MUSIC

RUN-DMC: KING OF ROCK

KINGOFROCK

While 1986’s RAISING HELL firmly established Run-DMC in the mainstream, it was this previous album that began their crossover appeal. Released in 1985 on Profile Records, KING OF ROCK was mostly produced by Russell Simmons and Larry Smith and originally featured nine tracks, with a heavy rock influence.

The album opens with ROCK THE HOUSE, a short instrumental track, which isn’t really worth mentioning.

The most memorable song of course is the title track, where DMC defiantly declares himself the King of Rock with such force that no one will disagree.

This was followed by what would be the second single from this album. You Talk Too Much, a rather simple but humorous song.

JAM MASTER JAMMIN’ is a powerful tribute to their DJ Jam Master Jay (R.I.P.). ROOTS, RAP, REGGAE has the guys rapping in fake Jamaican accents over a reggae beat. This song doesn’t work for me at all, but then I’m just not a fan of reggae so I may be biased.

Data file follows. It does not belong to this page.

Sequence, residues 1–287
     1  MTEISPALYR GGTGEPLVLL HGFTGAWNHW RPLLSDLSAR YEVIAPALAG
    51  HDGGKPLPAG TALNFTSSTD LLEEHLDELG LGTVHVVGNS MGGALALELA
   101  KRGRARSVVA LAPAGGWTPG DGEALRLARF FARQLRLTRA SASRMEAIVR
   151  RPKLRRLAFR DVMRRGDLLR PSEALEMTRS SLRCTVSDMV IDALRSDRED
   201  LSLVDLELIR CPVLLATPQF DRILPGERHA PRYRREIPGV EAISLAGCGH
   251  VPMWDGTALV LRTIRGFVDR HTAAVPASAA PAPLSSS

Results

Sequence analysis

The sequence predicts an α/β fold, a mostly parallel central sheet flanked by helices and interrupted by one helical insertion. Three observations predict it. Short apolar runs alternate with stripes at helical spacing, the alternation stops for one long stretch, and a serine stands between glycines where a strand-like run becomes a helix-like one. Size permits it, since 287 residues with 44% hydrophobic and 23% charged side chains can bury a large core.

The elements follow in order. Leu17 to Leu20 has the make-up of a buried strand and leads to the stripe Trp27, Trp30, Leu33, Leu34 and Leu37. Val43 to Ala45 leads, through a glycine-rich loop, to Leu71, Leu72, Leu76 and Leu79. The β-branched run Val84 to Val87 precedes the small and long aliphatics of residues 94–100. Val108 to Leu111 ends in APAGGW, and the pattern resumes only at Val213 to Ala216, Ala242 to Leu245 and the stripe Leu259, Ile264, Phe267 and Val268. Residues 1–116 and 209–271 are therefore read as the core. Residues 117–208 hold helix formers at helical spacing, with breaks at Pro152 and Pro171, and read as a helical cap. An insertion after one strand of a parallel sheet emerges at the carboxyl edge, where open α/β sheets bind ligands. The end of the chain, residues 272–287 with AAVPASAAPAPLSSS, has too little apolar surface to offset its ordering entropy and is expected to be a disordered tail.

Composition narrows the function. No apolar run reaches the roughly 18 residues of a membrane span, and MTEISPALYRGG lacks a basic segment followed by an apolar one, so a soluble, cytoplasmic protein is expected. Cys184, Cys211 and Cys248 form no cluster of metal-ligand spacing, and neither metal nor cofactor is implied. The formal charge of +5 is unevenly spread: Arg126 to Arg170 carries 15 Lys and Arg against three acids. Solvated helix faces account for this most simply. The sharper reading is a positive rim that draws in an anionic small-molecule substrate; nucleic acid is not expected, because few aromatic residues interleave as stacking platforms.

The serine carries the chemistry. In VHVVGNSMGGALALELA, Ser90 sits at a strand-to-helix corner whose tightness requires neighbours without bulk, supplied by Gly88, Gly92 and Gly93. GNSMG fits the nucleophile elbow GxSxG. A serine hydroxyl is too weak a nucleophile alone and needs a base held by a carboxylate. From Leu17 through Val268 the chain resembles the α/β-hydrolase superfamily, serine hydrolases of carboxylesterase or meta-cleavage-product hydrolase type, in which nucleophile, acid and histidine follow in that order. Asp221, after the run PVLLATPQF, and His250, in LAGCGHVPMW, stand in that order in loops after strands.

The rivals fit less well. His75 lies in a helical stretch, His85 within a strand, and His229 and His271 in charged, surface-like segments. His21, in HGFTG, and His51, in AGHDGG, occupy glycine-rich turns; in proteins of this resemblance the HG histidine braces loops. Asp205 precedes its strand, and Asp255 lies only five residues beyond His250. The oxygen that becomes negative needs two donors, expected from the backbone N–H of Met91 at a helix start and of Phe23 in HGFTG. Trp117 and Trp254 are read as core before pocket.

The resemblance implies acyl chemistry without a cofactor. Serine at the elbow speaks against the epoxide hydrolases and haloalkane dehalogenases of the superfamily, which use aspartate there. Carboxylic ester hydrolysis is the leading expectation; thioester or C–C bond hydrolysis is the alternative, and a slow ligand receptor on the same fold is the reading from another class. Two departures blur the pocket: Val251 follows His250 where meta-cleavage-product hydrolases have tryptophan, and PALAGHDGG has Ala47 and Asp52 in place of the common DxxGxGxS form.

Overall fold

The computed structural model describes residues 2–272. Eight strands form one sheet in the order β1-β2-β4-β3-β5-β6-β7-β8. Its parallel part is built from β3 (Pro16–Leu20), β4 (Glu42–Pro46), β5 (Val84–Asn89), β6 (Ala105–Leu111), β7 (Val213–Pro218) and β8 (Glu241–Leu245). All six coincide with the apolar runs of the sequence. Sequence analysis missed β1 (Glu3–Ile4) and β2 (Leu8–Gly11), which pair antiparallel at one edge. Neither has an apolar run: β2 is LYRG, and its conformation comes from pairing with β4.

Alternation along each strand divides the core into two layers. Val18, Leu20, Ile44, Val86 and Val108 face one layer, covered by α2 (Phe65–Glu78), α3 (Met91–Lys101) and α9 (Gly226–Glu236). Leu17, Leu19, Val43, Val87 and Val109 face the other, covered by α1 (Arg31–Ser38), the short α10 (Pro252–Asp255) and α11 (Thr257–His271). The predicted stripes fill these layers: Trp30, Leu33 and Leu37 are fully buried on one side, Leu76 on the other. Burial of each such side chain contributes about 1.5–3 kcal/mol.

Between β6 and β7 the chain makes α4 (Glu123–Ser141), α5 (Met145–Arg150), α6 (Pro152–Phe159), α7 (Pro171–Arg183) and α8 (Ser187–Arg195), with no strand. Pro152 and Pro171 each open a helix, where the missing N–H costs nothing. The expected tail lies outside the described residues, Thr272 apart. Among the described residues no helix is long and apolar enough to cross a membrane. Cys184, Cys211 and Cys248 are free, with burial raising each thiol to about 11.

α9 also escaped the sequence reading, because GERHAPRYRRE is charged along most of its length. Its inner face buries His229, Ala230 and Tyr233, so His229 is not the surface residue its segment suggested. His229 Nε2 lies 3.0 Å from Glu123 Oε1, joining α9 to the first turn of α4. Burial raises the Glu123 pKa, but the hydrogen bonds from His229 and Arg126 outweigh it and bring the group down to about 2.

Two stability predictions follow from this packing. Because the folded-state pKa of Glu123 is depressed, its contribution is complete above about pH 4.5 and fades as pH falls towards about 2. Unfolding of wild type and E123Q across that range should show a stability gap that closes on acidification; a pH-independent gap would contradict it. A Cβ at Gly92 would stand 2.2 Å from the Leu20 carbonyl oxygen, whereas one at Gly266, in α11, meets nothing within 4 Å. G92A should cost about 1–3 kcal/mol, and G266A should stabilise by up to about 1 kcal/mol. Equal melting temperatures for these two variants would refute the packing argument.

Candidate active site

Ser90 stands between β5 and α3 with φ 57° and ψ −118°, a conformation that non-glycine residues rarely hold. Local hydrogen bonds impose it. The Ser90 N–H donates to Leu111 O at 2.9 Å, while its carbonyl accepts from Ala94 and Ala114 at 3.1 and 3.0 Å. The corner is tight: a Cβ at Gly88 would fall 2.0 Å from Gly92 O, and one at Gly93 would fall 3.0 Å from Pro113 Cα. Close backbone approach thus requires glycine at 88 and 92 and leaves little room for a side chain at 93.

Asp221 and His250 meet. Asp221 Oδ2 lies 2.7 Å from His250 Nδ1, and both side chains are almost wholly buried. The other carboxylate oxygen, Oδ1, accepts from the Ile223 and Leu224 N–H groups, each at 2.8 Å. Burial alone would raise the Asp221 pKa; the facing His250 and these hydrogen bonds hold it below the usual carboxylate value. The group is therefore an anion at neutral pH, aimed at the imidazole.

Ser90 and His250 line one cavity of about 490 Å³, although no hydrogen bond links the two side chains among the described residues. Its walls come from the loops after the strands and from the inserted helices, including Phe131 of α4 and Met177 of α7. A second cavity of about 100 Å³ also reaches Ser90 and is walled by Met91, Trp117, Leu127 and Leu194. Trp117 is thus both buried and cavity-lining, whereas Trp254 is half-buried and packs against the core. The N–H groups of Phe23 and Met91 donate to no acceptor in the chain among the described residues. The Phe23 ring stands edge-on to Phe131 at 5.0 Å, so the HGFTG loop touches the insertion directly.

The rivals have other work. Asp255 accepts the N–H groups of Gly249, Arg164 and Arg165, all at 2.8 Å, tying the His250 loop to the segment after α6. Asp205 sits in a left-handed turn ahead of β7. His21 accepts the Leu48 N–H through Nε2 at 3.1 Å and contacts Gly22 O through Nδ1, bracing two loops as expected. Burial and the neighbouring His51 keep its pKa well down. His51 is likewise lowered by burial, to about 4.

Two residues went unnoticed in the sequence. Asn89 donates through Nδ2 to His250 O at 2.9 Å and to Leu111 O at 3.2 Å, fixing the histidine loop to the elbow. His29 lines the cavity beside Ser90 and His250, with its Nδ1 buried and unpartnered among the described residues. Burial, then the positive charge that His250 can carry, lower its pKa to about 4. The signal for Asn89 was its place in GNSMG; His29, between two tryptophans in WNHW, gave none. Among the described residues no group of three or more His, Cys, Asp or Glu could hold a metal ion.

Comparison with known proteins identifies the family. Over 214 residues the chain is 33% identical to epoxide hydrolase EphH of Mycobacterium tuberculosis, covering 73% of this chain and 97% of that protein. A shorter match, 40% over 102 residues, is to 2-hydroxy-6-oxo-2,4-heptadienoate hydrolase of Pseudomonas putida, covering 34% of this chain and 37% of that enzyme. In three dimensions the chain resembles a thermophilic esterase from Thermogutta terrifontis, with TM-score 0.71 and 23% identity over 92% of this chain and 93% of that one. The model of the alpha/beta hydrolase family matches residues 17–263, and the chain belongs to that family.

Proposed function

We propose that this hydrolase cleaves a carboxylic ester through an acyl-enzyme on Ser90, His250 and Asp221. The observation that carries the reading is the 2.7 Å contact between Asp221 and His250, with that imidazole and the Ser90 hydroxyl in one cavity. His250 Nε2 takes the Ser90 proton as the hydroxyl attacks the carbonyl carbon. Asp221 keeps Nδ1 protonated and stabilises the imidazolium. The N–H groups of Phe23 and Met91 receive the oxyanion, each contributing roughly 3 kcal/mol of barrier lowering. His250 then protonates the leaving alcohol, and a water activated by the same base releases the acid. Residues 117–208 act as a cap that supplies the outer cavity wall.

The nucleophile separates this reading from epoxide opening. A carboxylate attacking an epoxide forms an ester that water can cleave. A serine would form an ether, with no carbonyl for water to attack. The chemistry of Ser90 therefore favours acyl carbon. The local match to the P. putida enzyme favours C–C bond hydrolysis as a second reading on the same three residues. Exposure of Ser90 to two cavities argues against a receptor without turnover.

Next up is CAN YOU ROCK IT LIKE THIS which was the 3rd single released from this able and is most notable for the fact that the lyrics were written by young LL Cool J, and produced by Rick Rubin, the duo who later this same year would collaborate on LL’s debut album RADIO

Both YOU’RE BLIND and IT’S NOT FUNNY are powerful songs with lyrics doubling as social commentary on the ills of the day, the type of songs that Run-DMC excelled at.

The album originally ended with DARYLL AND JOE (KRUSH GROOVE 3), another great song full of braggadocio lyrics. Later reissues of this album added two bonus tracks SLOW AND LOW and TOGETHER FOREVER (KRUSH GROOVE 4), plus a live version of King of Rock and a remix of Jam Master Jammin’.

Crisp production, creative lyrics, and Run and DMC’s skillful back and forth wordplay all combine to make this a very good album. Chacebook rating: 4 STARS

AVAILABLE ON ITUNES

2 replies »

  1. I had the opportunity to see RUN DMC live 3 times. Twice in their heyday, selling out the 20,000 seat Oakland Coliseum and once in the twilight years, at the Rock Candy in Seattle, maximum capacity was less than 500 I’m sure. Loved every single moment of every single show. Thank you for the blast.

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